Guidelines for Land Degradation Neutrality. A report prepared for the Scientific and Technical Advisory Panel of the Global Environment Facility
Land degradation neutrality (LDN) aims to preserve the land resource base by ensuring no net loss of healthy and productive land. LDN is pursued through a combination of measures that avoid, reduce and reverse land degradation. Achieving neutrality requires estimating the likely impacts of land-use and land management decisions, then counterbalancing anticipated losses through strategically planned rehabilitation or restoration of degraded land within the same land type.
These guidelines briefly outline the key concepts, state the principles and present practical steps for applying each of these modules; they also provide a list of suggested resources (data, tools, explanatory documents). STAP/GEF
These guidelines support GEF project developers in formulating projects that contribute to the LDN ambitions of countries and in ensuring that other projects not directly targeting LDN are compatible with LDN objectives and approaches. The guidelines complement and expand the Checklist for Land Degradation Neutrality Transformative Projects and Programmes.They are intended to be applied during project development and at the problem definition and intervention design stages; they are also relevant to monitoring the achievement of LDN goals.
- LDN will only be achieved through concerted and coordinated efforts to integrate LDN objectives with land-use planning and land management, underpinned by sound understanding of the human-environment system and effective governance mechanisms. Therefore, these guidelines focus particularly on laying the foundation to achieve LDN by establishing enabling policies and applying integrated land-use planning, informed by preparatory assessments, as described in the Scientific Conceptual Framework for LDN (LDN-SCF).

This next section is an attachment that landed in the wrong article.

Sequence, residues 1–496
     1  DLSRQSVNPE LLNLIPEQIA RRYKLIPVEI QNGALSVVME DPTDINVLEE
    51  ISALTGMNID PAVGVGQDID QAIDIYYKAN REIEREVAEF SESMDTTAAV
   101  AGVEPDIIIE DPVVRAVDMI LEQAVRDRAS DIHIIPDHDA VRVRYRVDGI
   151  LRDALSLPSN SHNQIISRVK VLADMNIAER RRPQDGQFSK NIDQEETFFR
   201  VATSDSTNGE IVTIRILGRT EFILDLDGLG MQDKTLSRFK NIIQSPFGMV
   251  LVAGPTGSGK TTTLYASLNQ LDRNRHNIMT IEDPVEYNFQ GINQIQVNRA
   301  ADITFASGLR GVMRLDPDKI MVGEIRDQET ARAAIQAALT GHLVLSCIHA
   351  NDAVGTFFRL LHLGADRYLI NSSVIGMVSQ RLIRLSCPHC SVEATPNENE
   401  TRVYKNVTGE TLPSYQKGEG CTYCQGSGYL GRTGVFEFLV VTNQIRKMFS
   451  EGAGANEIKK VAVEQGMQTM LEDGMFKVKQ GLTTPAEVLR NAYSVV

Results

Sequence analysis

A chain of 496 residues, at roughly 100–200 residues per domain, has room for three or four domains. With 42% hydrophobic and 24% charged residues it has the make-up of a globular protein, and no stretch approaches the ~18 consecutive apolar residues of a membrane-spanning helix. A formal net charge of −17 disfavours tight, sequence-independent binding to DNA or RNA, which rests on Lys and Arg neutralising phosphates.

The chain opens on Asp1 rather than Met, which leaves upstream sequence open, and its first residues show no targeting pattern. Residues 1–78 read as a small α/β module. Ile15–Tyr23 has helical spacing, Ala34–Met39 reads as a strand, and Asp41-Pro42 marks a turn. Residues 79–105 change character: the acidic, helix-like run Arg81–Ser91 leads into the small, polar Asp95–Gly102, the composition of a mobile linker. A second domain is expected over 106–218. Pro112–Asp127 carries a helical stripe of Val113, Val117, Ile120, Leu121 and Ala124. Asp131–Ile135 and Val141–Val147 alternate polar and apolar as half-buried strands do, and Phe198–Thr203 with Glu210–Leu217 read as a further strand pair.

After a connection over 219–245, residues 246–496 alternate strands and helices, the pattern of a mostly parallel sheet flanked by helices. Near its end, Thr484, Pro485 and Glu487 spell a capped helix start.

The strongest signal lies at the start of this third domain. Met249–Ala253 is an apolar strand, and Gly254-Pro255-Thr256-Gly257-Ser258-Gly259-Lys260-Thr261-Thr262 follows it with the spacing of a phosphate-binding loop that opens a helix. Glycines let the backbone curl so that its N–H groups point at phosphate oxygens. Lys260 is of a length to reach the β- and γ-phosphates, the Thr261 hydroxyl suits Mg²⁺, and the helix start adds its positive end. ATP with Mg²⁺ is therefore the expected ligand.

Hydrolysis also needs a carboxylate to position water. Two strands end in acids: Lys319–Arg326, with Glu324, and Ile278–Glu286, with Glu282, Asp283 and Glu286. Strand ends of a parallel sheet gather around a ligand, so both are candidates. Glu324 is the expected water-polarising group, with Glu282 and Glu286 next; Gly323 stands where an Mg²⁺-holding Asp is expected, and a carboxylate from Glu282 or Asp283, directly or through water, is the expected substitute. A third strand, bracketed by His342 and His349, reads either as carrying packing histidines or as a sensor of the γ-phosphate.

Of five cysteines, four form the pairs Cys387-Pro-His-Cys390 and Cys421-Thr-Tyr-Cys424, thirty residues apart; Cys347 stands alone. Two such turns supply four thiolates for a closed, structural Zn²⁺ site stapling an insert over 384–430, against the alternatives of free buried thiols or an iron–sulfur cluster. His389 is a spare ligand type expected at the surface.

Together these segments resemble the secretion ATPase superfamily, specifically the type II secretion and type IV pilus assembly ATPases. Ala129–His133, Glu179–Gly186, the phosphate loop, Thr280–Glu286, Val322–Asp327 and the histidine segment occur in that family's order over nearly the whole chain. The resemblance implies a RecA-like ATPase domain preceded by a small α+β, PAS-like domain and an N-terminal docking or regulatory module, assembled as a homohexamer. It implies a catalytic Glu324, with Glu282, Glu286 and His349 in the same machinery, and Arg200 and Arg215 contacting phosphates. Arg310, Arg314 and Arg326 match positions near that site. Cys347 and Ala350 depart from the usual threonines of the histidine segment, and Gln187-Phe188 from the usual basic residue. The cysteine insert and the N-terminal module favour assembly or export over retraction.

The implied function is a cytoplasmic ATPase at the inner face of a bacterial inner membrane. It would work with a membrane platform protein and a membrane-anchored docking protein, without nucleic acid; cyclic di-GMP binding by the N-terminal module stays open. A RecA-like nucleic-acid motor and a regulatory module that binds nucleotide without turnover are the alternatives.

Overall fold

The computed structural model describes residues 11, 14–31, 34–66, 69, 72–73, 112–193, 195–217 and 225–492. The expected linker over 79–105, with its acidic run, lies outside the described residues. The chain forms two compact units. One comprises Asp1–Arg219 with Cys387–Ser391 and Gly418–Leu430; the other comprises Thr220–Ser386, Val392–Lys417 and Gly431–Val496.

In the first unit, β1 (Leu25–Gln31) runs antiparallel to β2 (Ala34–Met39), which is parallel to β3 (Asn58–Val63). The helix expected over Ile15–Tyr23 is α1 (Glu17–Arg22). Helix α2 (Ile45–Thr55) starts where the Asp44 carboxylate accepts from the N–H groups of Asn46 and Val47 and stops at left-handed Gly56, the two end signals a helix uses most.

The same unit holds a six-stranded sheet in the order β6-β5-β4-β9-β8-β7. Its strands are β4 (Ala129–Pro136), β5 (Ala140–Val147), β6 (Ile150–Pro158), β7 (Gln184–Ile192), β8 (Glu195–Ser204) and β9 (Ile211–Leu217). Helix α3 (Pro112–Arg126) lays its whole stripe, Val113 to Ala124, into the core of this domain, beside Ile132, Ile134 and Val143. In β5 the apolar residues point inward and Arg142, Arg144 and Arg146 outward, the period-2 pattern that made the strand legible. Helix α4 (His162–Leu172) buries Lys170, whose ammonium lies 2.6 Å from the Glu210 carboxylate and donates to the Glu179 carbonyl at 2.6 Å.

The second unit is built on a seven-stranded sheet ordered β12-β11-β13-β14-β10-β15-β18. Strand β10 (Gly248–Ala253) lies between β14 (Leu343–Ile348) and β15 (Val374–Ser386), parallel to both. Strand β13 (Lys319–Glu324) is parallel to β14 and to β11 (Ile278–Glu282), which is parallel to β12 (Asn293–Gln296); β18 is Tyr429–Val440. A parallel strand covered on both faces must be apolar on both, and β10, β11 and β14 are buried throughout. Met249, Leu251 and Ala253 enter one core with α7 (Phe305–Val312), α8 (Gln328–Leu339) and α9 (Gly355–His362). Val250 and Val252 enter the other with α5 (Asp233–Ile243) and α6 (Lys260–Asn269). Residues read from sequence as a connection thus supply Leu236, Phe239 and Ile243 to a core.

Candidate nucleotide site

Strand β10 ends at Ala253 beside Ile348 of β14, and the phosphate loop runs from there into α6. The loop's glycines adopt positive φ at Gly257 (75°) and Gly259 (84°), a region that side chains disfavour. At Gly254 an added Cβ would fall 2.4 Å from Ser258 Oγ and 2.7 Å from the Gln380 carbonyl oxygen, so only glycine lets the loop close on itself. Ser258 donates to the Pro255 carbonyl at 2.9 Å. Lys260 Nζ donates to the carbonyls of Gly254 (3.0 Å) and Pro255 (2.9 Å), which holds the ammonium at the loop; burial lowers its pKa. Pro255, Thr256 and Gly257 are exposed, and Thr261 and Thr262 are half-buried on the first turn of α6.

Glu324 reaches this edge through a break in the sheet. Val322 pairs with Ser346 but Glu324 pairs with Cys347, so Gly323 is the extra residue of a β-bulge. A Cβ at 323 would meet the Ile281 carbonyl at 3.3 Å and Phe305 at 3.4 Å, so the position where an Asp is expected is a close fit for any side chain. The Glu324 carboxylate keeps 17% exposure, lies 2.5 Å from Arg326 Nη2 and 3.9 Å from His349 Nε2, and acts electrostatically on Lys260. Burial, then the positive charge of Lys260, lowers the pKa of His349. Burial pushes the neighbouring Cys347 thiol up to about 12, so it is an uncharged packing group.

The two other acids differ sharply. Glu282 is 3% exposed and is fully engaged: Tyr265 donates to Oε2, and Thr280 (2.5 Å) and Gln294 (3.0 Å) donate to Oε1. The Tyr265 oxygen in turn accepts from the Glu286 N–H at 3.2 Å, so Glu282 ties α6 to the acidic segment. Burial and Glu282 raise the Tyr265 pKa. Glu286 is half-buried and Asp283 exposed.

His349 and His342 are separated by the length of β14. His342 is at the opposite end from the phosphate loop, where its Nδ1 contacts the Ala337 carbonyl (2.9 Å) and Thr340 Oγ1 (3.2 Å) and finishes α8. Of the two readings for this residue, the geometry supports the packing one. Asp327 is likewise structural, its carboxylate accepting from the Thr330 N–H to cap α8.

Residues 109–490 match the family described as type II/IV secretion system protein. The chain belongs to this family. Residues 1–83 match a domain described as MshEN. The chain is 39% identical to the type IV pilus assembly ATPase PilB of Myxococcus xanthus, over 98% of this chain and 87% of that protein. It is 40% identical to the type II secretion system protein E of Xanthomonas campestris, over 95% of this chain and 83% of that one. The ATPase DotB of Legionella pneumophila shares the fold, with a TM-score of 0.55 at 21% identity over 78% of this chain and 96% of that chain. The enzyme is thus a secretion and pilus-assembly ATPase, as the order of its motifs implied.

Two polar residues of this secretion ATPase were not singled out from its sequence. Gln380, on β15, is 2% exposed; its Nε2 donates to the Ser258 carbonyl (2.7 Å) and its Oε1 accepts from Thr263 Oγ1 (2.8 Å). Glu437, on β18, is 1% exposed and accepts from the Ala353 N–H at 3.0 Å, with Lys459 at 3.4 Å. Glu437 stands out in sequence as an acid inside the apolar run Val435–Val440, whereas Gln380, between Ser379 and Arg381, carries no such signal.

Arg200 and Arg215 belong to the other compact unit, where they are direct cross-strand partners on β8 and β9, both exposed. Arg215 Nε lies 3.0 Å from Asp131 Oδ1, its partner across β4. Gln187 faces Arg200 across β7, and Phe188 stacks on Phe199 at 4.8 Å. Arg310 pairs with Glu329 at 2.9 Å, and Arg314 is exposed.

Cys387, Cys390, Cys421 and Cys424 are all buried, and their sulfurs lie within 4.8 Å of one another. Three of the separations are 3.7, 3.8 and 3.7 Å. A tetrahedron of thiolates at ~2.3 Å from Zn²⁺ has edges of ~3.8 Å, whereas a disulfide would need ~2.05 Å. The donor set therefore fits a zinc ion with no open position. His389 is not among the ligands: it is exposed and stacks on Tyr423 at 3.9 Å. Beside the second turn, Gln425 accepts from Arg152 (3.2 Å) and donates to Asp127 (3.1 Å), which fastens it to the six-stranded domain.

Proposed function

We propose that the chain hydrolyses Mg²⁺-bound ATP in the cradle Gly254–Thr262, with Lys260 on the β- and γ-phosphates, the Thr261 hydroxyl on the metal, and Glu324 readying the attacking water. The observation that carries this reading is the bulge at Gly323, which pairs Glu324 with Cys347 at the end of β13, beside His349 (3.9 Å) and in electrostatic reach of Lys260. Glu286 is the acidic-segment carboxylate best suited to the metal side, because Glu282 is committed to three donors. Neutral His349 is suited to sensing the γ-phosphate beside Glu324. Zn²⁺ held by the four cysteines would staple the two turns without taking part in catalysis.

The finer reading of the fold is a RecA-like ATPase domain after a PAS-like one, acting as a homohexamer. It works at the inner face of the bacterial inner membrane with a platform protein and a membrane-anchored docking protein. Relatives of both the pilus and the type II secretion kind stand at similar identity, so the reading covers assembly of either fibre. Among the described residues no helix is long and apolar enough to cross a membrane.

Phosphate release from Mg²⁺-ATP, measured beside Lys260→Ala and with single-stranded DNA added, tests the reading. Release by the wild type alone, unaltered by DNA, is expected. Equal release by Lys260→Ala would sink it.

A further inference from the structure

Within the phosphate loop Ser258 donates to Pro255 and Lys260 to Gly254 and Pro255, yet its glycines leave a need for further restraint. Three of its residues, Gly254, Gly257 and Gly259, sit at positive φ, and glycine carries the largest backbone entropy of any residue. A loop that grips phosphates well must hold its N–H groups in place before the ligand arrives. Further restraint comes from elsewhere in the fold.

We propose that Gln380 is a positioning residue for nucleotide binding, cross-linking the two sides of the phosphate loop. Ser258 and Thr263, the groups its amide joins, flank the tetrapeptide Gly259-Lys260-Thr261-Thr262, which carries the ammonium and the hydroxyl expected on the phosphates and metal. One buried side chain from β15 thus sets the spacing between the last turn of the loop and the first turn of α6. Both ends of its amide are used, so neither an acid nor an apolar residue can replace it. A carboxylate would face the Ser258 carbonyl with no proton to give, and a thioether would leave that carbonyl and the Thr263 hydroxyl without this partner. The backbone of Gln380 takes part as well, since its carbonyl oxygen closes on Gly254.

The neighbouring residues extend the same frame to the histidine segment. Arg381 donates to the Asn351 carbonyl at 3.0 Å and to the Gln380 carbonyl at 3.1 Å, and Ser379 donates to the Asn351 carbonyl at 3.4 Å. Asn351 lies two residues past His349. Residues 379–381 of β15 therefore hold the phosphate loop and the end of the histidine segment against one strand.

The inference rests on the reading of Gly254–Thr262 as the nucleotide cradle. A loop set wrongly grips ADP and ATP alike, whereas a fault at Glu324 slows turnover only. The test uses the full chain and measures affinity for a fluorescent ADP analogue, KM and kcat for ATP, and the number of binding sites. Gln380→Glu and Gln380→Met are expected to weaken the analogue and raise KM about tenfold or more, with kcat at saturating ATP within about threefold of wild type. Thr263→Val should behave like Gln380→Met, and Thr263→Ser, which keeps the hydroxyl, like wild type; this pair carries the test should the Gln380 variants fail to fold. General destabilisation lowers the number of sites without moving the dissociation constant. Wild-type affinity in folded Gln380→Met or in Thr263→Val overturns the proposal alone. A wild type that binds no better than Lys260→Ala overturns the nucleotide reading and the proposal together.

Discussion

The document was prepared in close consultation to ensure continuity with the LDN Conceptual Framework as well as guidance developed by the GM. This publication will contribute to our efforts to seed the “innovation ecosystem” building up around the LDN concept. The timing is also important, considering that land use change is the primary indirect driver behind emerging infectious diseases, and the no-net loss approach of LDN is a holistic policy response to optimizing land use decisions that can keep land in balance, in in so doing, food, energy and nature in balance.
- In 2015 the UNCCD introduced the new concept of Land Degradation Neutrality (LDN), which was later adopted as a target of Goal 15 of the SDGs, Life on Land: 120 countries have committed to pursue voluntary LDN targets.
- The objectives of LDN are to: maintain or improve the sustainable delivery of ecosystem services; maintain or improve productivity, in order to enhance food security; increase resilience of the land and populations dependent on the land; seek synergies with other social, economic and environmental objectives; and reinforce responsible and inclusive governance of land.
- The fundamental aim of LDN is to preserve the land resource base, by ensuring no net loss of healthy and productive land, at national level. This goal is to be achieved through a combination of measures that avoid, reduce and reverse land degradation. Achieving LDN requires estimating the likely cumulative impacts of land use and land management decisions, and counterbalancing anticipated losses through strategically-planned rehabilitation or restoration of degraded land, within the same land type.
These guidelines offer practical help to those developing projects which contribute to Land Degradation Neutrality.
Each of the five modules presents key concepts, principles, and practical steps for implementation.
The complete guidelines were presented in September 2019 at the UNCCD COP 14 in Delhi.
BOX A3.1: USING THEORY OF CHANGE IN PLANNING LDN INTERVENTIONS
Figure illustrates the “theory of change”, developed for a study assessing the impacts of carbon farming practices in western New South Wales. The study aimed to determine whether carbon farming projects encouraging native vegetation are likely to enhance the resilience of the rangeland. The Resilience, Adaptation Pathways and Transformation Assessment (RAPTA) Framework was used to assess the resilience
of the current grazing system and the system integrating carbon farming. RAPTA facilitated a holistic assessment of the social, biophysical and economic impacts of the carbon farming in western New South Wales and improved understanding of the opportunities, trade-offs, synergies and risks. Details of the method and results are provided in Cowie et al. (2019).